Back to the Office Web Applications. (I presume Microsoft will need to rename the Outlook Web Client, which until now has been known as OWA.) Microsoft has taken a step in the right direction. Bloated fat-client productivity suites are becoming pass?. Ninety percent of the functionality the average knowledge worker needs is provided in the Web application. Perhaps with the release of free Web applications this month, Microsoft will back off the CAL licensing for its use in SharePoint.
Common Look and Feel
The editing and formatting tools for the Office Web Applications are provided in a "ribbon" immediately above the document pane. If you are familiar with Office 2007 (or 2010) applications, you already know what the ribbon is: a context-sensitive toolbar with tools of like functionality grouped together. It is, in fact, called the "Office Ribbon." It is context-sensitive in that the ribbon will change based upon the task you are performing. If you are editing text, you are provided with common text editing tools: font selection and formatting, alignment, bulleting and numbering, etc., grouped so like tools are with like tools. If you are editing an image, appropriate image tools are made available, including the ability to size the image for online display.
Microsoft has applied the ribbon concept to editing and management functions in SharePoint 2010. If you need to do something to a page, chances are very good you can do it using just the ribbon. Once a user or an administrator selects an action item in SharePoint, the ribbon appears, and it is populated with appropriate tools. No longer do site administrators or designers need to migrate their way through layers of arcane commands to perform a simple task. If you need to make your modified page the home page, you simply can click "make this page the homepage" in the ribbon, and it is done. Having a common user interface across Office applications and SharePoint serves only to emphasize and enhance the tight collaboration across the entire line of Office products from client side to server side.
BI certainly is one of the prime drivers for corporate IT. Executives and managers need easy access to business data in order to make appropriate, informed business decisions. Interactive personal computing has changed the way we do business, but until recently, it hasn't provided much in the way of providing actionable business data. Spreadsheets are powerful tools but, for the most part, are used as slick, interactive ledger sheets. SharePoint 2010 has raised the bar for external data access and analysis.
Interestingly, Excel 2010 is positioned as the primary BI analysis tool for SP 2010. Excel Services and Excel itself have been enhanced to provide the ability to access external data and transform that data using pivot tables. Once that data has been imported, it can be further transformed by using ETL (Extract, Transform, and Load) techniques. By the way, Excel 2010 is now scalable--we no longer need to live with the row and memory restrictions of previous versions. Data imports and transformations can be configured and accomplished by end users; no need to involve IT or to write any code.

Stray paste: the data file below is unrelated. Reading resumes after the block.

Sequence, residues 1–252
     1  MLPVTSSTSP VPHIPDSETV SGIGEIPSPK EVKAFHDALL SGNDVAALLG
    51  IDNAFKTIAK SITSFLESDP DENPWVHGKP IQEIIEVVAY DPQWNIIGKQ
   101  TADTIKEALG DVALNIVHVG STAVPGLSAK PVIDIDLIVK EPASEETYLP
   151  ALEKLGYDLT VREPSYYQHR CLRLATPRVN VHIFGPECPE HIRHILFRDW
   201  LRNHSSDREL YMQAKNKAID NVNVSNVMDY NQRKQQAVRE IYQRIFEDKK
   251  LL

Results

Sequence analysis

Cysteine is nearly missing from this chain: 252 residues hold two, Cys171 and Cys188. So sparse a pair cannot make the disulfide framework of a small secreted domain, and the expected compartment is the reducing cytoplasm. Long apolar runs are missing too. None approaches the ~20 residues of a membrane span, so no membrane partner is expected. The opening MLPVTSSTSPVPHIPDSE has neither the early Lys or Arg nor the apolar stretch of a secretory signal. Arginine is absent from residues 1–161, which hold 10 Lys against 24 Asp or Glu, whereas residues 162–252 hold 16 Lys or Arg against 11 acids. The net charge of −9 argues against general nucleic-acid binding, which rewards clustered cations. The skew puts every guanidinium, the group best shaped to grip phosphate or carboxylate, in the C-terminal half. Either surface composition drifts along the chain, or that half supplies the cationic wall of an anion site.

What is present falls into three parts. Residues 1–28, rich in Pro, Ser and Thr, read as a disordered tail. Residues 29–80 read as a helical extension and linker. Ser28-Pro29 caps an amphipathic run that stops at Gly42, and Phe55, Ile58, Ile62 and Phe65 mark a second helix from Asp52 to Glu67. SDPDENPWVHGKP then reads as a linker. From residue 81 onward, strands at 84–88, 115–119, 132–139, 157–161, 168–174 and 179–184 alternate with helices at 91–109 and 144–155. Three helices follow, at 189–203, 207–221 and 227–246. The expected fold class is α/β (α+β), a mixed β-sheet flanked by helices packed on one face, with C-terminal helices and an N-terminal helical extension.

Read--and Write to External Lists
Code-free access to external data also is possible using Business Connectivity Services (BCS), which replaces the old BDC (Business Data Catalog). Unlike the BDC, the BCS provides the ability to read and write data to an external data source. I recently demonstrated the use of a BCS Web part connected to a one-dimensional table in SQL Server. Users with the appropriate rights were able to read the data from the SQL database table but also were able to select a single record and modify that record. A quick query on the SQL Server side using management studio verified the data was in fact modified. That is impressive. While it makes sense to keep some data in a SharePoint list or Excel spreadsheet or Access database, there are valid reasons to keep other data in an external database such as SQL Server. Data in a SharePoint list cannot be easily used to build an OLAP (online analytical processing) cube to provide further analyses. OLAP cubes are data structures that can be used to slice and dice and drill down into data. You can think of them as multidimensional spreadsheets. Once the cube--the data structure--is built, a user can drill down into the data, effectively providing multidimensional analysis.